“Truly I tell you, some who are standing here will not taste death before they see the kingdom of God.” Luke 9:27
School vacation week snuck up on us this year. I guess life has been too busy to even see that light at the end of the chaos tunnel. Once my husband and I realized it, we quickly booked a night away at a family resort up north.
We chose this resort because they have an outdoor heated pool, family activities, an arcade, and a restaurant on site. All you have to do is park your car and experience the fun they offer. Or so we thought…
Then He got up and rebuked the winds and the waves, and it was completely calm. Matthew 8:26
Our home has an open floor-plan. It seemed like a great idea when our kids were little. I could be cooking and cleaning in the kitchen, and still see and hear my kids while they played in the family room. Now that they’re teens and a tween, however, that open-floor plan can be a challenge.
It seems every time my husband and I finally sit down in the family room to watch a movie or show, my kids suddenly become busy and noisy in the kitchen. Without fail, every time there’s a pivotal moment when one of the characters is about to say something profound and story-altering, one of my kids turns on the ice machine, or drops a pot or a pan, completely drowning out our ability to hear, even when we turn the volume up to 100.
I’m starting to see the same thing happening in my spiritual life.
Then, taking the five loaves and the two fish and looking up to heaven, He said the blessing, broke the loaves, and gave them to [His] disciples to set before the people. Mark 6:41
I’ve been broken in big and small ways at various points throughout my life. We all have. There’s not a one of us who would say it doesn’t hurt. Even after we’ve healed, scars remain. Far too often though, we see those scars as marks of failure rather than ribbons of victory.
If we looked more closely at those scars, we’d see they actually became our growing points. Often, our perspective, even our own skin, holds us back, refusing to stretch and give so we can expand. Sometimes it takes being ripped in two for light to get at our dark and stunted places. Sometimes it takes being broken in two before the miracle happens that multiplies us.
… And the people all tried to touch Him, because power was coming from Him and healing them all. Luke 6:19
I wasn’t born early enough to be a Beatles fan and attend one of their concerts. But we’ve all seen images and video clips of the hordes of people at the stage’s edge, arms outstretched, trying to touch Ringo or John. They were driven by their star-struck wonder – so in love with the Beatles’ music, they needed to physically connect.
Jesus had the same effect on people. When He spoke, it touched them deeply inside. Because of that, they were driven to connect with Him physically.
In the instance in Luke 6, many of them had diseases or were troubled by impure spirits. Knowing Jesus had the power within Him to heal, they all reached for Him, and all were healed.
I wonder about the “all” of this crowd, though. There had to have been some well people in their midst, people who didn’t have diseases or impure spirits. There had to have been healthy people who helped the lame and the sick make their way to Jesus. But if “all” were healed, they must have “all” had problems too.
My oldest son, Zack, started weight lifting in the fall. I’ve never seen him work so hard at anything in his life. He watched video after video to establish a routine that would target different muscles on different days. He researched diets and then overhauled his – removing a lot of junk food and replacing it with protein, fruits and vegetables. He dropped some serious cash on muscle strengthening powder drinks and consumes them before each workout.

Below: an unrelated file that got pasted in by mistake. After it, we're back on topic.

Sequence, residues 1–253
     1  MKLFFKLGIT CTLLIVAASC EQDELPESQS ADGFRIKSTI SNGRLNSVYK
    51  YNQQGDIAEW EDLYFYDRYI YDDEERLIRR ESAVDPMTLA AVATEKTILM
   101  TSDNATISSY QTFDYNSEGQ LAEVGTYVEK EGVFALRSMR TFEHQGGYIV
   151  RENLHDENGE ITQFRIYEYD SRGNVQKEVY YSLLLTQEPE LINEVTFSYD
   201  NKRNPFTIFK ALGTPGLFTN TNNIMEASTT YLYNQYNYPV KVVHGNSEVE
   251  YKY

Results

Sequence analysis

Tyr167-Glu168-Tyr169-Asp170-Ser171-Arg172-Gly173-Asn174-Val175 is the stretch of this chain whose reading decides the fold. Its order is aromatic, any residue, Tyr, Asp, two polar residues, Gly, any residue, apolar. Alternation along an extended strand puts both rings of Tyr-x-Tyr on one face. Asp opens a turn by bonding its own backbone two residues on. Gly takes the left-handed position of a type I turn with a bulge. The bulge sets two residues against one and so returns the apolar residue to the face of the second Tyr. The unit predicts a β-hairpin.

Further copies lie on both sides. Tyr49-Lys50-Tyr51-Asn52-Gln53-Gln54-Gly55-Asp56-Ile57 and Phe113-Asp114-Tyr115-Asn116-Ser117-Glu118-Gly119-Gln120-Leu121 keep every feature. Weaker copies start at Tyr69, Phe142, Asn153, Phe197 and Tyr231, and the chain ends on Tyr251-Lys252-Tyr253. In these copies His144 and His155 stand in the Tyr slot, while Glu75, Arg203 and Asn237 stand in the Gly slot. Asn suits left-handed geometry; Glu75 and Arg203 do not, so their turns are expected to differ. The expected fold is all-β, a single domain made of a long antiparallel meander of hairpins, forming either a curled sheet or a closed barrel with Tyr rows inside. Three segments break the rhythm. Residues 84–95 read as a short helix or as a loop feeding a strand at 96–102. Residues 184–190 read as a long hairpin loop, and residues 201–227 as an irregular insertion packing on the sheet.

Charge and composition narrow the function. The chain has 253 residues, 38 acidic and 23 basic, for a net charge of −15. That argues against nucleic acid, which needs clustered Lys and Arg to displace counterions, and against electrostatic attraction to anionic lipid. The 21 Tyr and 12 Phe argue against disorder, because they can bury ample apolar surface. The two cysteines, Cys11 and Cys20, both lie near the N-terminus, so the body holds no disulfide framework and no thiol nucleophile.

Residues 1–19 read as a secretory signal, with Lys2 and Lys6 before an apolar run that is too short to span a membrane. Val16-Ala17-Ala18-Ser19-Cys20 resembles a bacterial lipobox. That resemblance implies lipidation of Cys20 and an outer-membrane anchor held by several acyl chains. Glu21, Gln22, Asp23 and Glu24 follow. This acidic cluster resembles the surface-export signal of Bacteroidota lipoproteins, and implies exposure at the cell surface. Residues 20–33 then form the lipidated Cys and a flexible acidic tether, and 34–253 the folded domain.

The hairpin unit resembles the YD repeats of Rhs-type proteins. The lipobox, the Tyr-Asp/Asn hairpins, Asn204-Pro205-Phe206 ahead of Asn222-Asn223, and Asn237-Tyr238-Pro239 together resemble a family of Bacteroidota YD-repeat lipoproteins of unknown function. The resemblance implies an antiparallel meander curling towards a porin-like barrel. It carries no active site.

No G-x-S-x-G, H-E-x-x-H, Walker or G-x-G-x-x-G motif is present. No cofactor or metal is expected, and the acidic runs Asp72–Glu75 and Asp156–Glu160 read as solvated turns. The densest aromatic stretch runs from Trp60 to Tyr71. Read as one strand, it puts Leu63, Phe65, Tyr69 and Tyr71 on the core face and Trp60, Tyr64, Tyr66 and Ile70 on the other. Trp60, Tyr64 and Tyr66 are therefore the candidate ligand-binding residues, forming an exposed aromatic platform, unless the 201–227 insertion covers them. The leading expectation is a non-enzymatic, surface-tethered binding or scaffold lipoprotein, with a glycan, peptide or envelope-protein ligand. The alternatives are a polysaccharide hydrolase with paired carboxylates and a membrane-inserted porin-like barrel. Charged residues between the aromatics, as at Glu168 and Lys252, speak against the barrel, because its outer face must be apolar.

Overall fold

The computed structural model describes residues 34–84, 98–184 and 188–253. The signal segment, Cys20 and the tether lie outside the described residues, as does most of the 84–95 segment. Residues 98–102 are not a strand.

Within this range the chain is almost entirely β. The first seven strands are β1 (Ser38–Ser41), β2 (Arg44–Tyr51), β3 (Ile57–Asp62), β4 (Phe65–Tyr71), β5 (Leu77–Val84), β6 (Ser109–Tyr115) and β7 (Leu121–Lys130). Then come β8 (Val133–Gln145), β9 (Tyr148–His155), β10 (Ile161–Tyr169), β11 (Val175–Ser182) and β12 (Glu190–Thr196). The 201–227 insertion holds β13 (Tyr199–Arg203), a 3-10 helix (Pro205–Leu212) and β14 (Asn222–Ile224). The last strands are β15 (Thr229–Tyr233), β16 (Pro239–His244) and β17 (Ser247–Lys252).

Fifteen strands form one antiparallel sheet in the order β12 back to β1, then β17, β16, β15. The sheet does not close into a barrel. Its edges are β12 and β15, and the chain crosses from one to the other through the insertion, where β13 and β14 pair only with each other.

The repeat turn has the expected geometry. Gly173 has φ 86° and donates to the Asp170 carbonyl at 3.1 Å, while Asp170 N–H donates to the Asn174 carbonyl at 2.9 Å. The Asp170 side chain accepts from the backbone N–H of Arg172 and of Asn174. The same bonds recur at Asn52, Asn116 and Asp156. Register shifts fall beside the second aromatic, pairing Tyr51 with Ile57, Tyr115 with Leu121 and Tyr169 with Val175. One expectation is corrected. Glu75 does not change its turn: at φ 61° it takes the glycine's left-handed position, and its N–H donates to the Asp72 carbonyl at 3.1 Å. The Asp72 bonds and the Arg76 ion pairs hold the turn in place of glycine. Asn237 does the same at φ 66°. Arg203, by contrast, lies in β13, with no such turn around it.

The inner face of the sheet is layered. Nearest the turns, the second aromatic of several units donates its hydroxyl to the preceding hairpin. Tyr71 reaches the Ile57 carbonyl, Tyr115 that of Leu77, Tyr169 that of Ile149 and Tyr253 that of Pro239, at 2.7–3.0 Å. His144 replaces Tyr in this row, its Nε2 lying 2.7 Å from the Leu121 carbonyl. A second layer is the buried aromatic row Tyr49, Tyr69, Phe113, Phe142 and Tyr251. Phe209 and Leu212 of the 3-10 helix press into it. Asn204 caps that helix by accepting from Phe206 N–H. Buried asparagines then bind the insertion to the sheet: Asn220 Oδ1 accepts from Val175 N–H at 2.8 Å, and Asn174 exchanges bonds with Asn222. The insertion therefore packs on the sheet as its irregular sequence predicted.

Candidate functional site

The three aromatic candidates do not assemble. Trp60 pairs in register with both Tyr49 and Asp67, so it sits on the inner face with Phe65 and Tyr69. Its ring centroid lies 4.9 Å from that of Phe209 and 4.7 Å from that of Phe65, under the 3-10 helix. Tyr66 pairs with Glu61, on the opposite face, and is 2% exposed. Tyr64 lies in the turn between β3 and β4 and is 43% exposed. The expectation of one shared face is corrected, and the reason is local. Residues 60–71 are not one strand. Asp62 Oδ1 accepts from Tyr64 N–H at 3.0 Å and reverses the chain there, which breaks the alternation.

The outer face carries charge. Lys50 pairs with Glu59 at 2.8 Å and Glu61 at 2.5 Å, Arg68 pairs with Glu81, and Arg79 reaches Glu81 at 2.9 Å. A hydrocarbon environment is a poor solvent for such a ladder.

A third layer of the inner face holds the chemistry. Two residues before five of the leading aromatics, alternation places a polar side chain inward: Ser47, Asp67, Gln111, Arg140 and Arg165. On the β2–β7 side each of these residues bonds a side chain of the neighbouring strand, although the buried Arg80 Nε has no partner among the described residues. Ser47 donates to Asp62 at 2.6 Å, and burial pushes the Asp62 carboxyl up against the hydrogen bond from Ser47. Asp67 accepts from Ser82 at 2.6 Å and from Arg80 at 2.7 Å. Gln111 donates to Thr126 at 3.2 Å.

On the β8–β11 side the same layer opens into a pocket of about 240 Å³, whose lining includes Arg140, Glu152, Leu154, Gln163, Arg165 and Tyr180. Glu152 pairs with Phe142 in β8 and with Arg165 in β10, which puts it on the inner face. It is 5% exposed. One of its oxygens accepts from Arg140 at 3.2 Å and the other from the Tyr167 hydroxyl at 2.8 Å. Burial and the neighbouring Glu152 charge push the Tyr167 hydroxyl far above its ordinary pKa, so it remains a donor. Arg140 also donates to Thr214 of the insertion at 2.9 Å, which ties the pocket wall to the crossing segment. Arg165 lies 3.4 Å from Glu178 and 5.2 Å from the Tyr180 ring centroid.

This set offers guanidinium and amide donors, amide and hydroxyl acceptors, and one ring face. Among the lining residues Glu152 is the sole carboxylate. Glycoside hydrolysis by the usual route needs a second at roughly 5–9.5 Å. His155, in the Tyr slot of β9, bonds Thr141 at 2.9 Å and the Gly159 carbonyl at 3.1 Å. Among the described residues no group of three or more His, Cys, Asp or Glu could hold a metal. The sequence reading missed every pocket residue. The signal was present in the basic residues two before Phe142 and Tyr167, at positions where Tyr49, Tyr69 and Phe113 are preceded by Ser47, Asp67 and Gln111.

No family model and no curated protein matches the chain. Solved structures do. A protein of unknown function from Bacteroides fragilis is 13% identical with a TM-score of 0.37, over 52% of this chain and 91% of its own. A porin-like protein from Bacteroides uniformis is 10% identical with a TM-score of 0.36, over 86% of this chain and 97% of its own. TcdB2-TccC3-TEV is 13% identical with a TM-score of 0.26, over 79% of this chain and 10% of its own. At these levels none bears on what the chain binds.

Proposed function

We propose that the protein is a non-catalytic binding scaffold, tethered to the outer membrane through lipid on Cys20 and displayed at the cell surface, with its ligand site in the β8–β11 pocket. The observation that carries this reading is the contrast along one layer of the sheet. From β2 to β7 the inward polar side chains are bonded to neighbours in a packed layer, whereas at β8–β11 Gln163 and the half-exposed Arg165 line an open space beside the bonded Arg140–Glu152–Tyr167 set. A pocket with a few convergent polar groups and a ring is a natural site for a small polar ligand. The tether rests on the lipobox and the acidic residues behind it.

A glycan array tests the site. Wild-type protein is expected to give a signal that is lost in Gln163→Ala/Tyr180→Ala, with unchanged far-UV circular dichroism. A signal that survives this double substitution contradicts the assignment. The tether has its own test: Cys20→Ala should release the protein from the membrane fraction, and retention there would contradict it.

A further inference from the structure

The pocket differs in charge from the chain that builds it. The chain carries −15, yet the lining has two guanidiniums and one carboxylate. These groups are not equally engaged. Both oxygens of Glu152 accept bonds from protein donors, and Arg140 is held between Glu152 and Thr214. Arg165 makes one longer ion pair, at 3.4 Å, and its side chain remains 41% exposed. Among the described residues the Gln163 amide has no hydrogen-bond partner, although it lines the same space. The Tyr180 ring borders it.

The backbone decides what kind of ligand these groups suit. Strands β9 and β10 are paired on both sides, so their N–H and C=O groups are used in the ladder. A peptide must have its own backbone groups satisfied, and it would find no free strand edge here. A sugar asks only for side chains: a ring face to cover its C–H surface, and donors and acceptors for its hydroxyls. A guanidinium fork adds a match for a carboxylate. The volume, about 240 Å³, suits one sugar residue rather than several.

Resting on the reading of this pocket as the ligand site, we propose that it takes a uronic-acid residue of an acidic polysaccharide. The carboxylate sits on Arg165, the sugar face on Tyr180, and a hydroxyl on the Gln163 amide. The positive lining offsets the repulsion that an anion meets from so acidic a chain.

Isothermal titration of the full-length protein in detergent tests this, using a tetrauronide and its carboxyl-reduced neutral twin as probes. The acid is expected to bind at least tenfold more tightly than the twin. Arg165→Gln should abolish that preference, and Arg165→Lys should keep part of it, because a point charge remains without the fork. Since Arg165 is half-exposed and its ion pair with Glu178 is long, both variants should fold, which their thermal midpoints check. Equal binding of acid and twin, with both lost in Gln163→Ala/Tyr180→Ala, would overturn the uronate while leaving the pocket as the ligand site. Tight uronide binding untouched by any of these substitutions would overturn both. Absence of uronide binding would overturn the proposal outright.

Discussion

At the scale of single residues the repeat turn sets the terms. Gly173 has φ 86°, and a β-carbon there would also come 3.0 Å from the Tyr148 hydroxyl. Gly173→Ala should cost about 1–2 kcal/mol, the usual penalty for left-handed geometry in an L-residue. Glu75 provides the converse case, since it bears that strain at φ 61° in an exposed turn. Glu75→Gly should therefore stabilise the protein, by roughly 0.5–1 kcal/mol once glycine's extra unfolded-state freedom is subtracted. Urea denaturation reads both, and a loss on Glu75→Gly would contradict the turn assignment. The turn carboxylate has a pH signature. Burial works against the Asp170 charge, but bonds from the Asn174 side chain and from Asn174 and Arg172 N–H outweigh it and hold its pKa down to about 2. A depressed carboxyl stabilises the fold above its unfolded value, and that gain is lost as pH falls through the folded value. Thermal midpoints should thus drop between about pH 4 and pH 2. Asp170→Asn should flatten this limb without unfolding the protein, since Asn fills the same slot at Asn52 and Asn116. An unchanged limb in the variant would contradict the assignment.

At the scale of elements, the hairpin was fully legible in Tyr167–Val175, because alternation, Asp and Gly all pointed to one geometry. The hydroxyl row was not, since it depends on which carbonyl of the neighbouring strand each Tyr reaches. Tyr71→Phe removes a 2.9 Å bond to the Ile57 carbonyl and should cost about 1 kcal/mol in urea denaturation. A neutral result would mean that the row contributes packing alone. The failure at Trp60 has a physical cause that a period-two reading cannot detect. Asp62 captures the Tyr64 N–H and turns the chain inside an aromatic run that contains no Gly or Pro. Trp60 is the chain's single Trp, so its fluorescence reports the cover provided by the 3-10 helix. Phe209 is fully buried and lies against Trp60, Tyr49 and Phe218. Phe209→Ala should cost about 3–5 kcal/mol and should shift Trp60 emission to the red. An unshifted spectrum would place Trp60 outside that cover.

Physically and mentally, he’s completely transformed. His shoulders and neck have broadened, and his arms bulge. He can now bench 200 pounds!
When I asked him why he got so into it, he took a moment, and then responded: “It’s the first time that I’ve gotten out of something what I’ve put in.” I believe the same holds true for our faith lives.
I’m really not a social media girl. But needing an effective way to promote my new book, I find I’m on it all the time. The more I scroll, the more I’m amazed by the stunning images people post. Inevitably, I end up envying their picture-perfect lives. That’s when I find myself striving to emulate their snapshots.
Yet, when I place something beautiful in front of my camera, the rendering on my phone never captures what I see. After posting sub-par images for months, I finally figured out why.
When it’s not frustrating raising teens, it’s fascinating! Watching them stumble through the ups and downs of growing up is more riveting than TV. Like they say about a good movie: “I laugh. I cry. I’m moved!”
But nothing moves me more than when my kids want to do better.
Be very careful, then, how you live—not as unwise but as wise, making the most of every opportunity. Ephesians 5:15-16
Shortly before Thanksgiving, my double oven died. Turns out the control panel needs to be replaced. With the digital chip shortage, it could be a while before the part becomes available.
Initially, I defaulted to the “woe is me” response. The oven isn’t our only appliance that’s gone on the fritz in the past six months. We recently replaced the dishwasher. And the repair guy for the refrigerator has been here so often, I fed him dinner last week!
It’s not surprising though. Eighteen years ago, when our home was built, all the appliances were bought new, at the same time. It makes sense, then, that they’re all dying at the same time too. It just gets overwhelming to have it happen all at once. Until I look on the bright side…